The amplifier houses a single 12-inch speaker and has a 2-channel operation – clean and gain/voice. It also includes 1/8-inch aux input to play your backing tracks and a ¼-inch headphone input. The amp models and effects make it a highly versatile choice.
Tone-wise, it doesn’t compare to the Reverb or Blues Junior, but it has the sweet cleans that will sit well with jazz guitar players. It’s easy to dial in a good tone and the amp sounds good across the range of volume. In addition, you can always plug in a pair of headphones for silent practice.
VerdictThe Fender Champion could be the best jazz guitar amp for those who need a compact build for bedroom use, rehearsals, and small-venue gigs. If you need a jazz guitar amp purely for practice (with no scope of gigging), the Champion 20 or Roland Cube are more wallet-friendly options.
3.Best Digital: Fender Tone Master Twin Reverb Guitar Amplifier
After the JC 120, Fender Tone Master Twin Reverb is the second heavy hitter on my list. Imaginably, it has too much juice for home use alone (or any other modest application). Heck, it might be too loud for small venues too. But when you let it rip ‘n roar, it reminds you why it is a soon-to-be success in the guitar circles.
- 85-watt digital processing amp with five attenuated settings
- 2 x Jensen N-12K neodymium speakers
- Normal, warmup, and mute/silent mode
- USB port for firmware upgrades
- Padded cover and 2-button footswitch included
The dynamics, wide response, and scooped mids are all there in the right amount. The guitar amplifier can also be as loud as the occasion calls for it without relinquishing its expansive treble and gritty drive without the hiss and hum found on the non-digital version.
Tonally, the amplifier FX sounds are a touch brighter than the original Twin Reverb. In most other uses, the Tonemaster is on the money. The build-in voicings and effects are stellar and guitarists will find themselves using them instantly or more often than ever.
The Tone Master draws its juice from the new Jensen N-12K speakers with neodymium magnets. You will have to strain the ears to tell the difference between the original and digital amp in a full mix or live band setting.
The Tone Master amplifier has nailed the digital spin and eliminated the weight factor, which was a worry with the flagship model. It is a cost-effective way to retain the classic Twin Reverb style and headroom while staying in the sub-$1000 price bracket. There are a few differences, but none that weigh down anyone looking for a go-to jazz guitar amplifier.
4.Best Tube: Fender George Benson Hot Rod Deluxe Guitar Amplifier
In 2013, Fender launched a guitar amp fine-tuned to the needs of jazz guitar players and designed in collaboration with George Benson. Plus, the amp has been around long enough for thousands of jazz guitarists to vouch for its top-notch performance.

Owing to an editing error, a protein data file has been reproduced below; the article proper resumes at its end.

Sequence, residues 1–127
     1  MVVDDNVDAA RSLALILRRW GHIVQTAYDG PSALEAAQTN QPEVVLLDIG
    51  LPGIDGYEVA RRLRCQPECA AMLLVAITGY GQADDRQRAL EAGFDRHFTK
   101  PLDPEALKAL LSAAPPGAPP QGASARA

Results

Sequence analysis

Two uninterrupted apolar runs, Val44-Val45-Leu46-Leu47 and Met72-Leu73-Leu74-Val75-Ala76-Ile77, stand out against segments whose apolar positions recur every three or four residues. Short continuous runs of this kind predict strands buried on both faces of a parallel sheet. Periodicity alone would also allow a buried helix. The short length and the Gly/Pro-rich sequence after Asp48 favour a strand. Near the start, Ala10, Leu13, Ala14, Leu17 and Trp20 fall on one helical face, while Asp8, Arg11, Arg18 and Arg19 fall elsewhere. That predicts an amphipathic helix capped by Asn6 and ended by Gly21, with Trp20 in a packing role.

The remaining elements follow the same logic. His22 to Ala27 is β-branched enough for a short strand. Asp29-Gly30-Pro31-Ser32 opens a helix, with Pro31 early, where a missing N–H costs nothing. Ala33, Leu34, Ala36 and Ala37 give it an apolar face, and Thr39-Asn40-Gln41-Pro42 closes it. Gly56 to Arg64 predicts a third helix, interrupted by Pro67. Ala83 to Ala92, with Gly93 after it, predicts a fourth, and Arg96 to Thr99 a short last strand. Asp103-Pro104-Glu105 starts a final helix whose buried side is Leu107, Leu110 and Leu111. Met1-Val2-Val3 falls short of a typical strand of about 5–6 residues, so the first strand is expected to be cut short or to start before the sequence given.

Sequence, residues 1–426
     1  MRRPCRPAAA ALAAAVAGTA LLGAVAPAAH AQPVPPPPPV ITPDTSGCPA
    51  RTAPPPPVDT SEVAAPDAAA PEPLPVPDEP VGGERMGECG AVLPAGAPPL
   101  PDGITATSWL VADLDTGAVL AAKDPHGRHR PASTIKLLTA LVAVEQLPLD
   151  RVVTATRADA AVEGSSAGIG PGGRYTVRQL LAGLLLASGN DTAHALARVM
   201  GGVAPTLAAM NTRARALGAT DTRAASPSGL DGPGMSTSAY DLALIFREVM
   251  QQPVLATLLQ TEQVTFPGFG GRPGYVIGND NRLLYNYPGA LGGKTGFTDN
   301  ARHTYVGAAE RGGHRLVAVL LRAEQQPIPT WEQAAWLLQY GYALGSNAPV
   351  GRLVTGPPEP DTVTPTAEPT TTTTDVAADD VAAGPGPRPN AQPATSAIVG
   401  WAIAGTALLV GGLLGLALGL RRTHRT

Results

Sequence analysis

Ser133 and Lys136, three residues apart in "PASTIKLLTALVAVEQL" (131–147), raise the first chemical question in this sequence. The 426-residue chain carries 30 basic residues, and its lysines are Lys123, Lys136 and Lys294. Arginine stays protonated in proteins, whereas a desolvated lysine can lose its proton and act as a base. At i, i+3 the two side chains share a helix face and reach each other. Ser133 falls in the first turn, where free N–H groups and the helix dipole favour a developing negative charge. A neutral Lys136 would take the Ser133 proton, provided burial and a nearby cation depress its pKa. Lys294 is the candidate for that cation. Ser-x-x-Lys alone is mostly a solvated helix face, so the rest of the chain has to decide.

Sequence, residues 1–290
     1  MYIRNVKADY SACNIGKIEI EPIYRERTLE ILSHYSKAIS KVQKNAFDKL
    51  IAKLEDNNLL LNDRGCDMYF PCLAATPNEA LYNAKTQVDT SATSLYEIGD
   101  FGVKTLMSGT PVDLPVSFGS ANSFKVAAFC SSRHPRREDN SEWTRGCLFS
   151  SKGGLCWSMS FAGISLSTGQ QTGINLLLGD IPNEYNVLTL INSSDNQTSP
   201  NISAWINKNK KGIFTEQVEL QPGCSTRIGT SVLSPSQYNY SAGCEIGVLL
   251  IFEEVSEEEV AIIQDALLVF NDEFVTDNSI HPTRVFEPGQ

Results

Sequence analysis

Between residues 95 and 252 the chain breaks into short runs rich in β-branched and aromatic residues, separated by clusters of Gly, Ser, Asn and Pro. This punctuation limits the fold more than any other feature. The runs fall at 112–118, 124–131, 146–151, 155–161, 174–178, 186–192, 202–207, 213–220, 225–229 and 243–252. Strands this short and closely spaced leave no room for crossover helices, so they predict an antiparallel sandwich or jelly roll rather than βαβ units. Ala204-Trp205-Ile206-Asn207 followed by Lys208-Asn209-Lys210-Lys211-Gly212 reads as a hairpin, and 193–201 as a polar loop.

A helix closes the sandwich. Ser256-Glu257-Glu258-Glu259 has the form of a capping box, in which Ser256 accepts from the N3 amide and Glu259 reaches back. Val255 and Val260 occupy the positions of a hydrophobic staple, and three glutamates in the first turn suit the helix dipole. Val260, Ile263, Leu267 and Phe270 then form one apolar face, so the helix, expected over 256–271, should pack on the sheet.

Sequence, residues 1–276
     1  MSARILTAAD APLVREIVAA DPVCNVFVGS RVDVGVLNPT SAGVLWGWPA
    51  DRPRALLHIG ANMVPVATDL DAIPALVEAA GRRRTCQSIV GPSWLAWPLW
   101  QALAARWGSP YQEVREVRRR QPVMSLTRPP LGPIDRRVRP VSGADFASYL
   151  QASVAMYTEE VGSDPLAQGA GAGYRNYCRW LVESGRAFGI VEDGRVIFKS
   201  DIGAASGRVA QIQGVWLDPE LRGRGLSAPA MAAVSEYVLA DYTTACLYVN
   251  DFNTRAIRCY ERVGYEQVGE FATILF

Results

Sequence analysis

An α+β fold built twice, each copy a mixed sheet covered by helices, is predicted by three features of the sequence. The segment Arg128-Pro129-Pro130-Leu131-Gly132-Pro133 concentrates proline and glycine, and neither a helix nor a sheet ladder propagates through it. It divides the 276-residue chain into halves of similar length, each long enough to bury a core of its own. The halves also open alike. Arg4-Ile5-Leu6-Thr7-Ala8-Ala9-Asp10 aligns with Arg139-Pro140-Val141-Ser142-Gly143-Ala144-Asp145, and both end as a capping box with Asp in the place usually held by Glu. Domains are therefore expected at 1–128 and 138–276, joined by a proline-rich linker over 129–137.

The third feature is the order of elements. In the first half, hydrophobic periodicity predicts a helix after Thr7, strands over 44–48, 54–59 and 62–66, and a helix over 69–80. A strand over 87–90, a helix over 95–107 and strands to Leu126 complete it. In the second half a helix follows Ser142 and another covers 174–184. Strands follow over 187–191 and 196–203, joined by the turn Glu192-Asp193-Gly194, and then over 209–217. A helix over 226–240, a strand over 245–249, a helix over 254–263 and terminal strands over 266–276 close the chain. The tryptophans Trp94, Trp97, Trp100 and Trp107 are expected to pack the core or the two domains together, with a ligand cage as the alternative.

- 40-watt combo guitar amplifier
- Jensen C12K 12-inch speaker
- 2 channel operation
- Designed in collaboration with George Benson
- 2 x 12AX7 preamp tubes + 12AT7
- Padded cover and 2-button footswitch included
Spec-wise, the GB Hot Rod Deluxe is a 40W all-tube amp with a solid pine enclosure and gray Tolex grille. Under the hood, you find a 12-inch Jensen C12K speaker that works perfectly for jazz. The amp also features 2 x 6L6 power tubes with 1 x 12AT7 and 2 x 12AX7 preamp tubes.
The control panel features 3 knobs to EQ the tone and a 2-channel operation – Clean Channel and Drive. The GB Deluxe is famous for its low-gain, sweet tone. It sounds dynamic, responsive, and well-rounded (no muddy lows!) thanks to the 12AT7 preamp tube.
The 100-watt speaker ensures a copious range and plenty of headroom. In a nutshell, the tones are rich and sound pleasantly lush in a variety of applications. The guitar amp is lightweight enough (43 lbs) to lug it around without any hassles. It’s perfect for home use, practice, jams, and rehearsals.
The Hot Rod guitar amp for jazz is for those who admire Benson’s tone or organic-sounding clean tones. It is relatively pricey, but you get a versatile amp of the highest pedigree in return. Considering the warm tone, the 2-channel footswitch, and the build quality, the GB Deluxe amp is destined to add quality and value to your jazz rig.
5.Best Brit: Vox AC30 C2 All-Tube Guitar Amplifier
The AC30 C2 delivers clean and overdriven sounds with the same aplomb. It is famed for its signature chime and a historic stint as the amp that powered the British Invasion. The C2 version promises to be hotter, more contemporary and bears the authentic styling. This is the amp for those who want a piece of the British tone with an affordable price tag.
- 30-watt All-Tube guitar amplifier
- 2 x 12-inch Celestion G12< Greenback Speakers
- Fender Special Design 12-inch speaker
- EL84 Power Tubes